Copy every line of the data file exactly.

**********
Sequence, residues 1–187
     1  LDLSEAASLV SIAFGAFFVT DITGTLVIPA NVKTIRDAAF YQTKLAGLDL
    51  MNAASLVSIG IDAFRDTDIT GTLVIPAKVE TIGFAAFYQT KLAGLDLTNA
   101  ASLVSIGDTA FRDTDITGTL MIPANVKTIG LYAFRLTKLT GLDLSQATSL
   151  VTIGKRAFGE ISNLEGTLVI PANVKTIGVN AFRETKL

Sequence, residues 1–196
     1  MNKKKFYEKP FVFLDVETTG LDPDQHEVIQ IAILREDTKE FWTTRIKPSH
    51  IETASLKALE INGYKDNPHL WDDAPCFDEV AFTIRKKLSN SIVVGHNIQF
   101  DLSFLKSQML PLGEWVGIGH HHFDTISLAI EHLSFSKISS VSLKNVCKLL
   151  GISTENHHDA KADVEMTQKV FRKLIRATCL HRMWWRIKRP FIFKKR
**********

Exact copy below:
Sequence, residues 1–187
     1  LDLSEAASLV SIAFGAFFVT DITGTLVIPA NVKTIRDAAF YQTKLAGLDL
    51  MNAASLVSIG IDAFRDTDIT GTLVIPAKVE TIGFAAFYQT KLAGLDLTNA
   101  ASLVSIGDTA FRDTDITGTL MIPANVKTIG LYAFRLTKLT GLDLSQATSL
   151  VTIGKRAFGE ISNLEGTLVI PANVKTIGVN AFRETKL

Sequence, residues 1–196
     1  MNKKKFYEKP FVFLDVETTG LDPDQHEVIQ IAILREDTKE FWTTRIKPSH
    51  IETASLKALE INGYKDNPHL WDDAPCFDEV AFTIRKKLSN SIVVGHNIQF
   101  DLSFLKSQML PLGEWVGIGH HHFDTISLAI EHLSFSKISS VSLKNVCKLL
   151  GISTENHHDA KADVEMTQKV FRKLIRATCL HRMWWRIKRP FIFKKR